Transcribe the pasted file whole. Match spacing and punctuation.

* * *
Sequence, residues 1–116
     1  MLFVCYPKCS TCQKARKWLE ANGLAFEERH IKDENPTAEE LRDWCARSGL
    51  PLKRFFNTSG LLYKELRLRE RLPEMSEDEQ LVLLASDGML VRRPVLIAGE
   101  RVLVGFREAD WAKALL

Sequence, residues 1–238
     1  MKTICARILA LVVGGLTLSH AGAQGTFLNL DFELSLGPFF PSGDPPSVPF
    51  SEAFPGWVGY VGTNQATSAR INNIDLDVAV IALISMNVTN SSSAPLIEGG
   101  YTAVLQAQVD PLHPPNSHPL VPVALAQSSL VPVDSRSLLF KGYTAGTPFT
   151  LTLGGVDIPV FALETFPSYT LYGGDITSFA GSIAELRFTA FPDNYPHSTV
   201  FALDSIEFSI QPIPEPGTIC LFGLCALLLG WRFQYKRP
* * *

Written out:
Sequence, residues 1–116
     1  MLFVCYPKCS TCQKARKWLE ANGLAFEERH IKDENPTAEE LRDWCARSGL
    51  PLKRFFNTSG LLYKELRLRE RLPEMSEDEQ LVLLASDGML VRRPVLIAGE
   101  RVLVGFREAD WAKALL

Sequence, residues 1–238
     1  MKTICARILA LVVGGLTLSH AGAQGTFLNL DFELSLGPFF PSGDPPSVPF
    51  SEAFPGWVGY VGTNQATSAR INNIDLDVAV IALISMNVTN SSSAPLIEGG
   101  YTAVLQAQVD PLHPPNSHPL VPVALAQSSL VPVDSRSLLF KGYTAGTPFT
   151  LTLGGVDIPV FALETFPSYT LYGGDITSFA GSIAELRFTA FPDNYPHSTV
   201  FALDSIEFSI QPIPEPGTIC LFGLCALLLG WRFQYKRP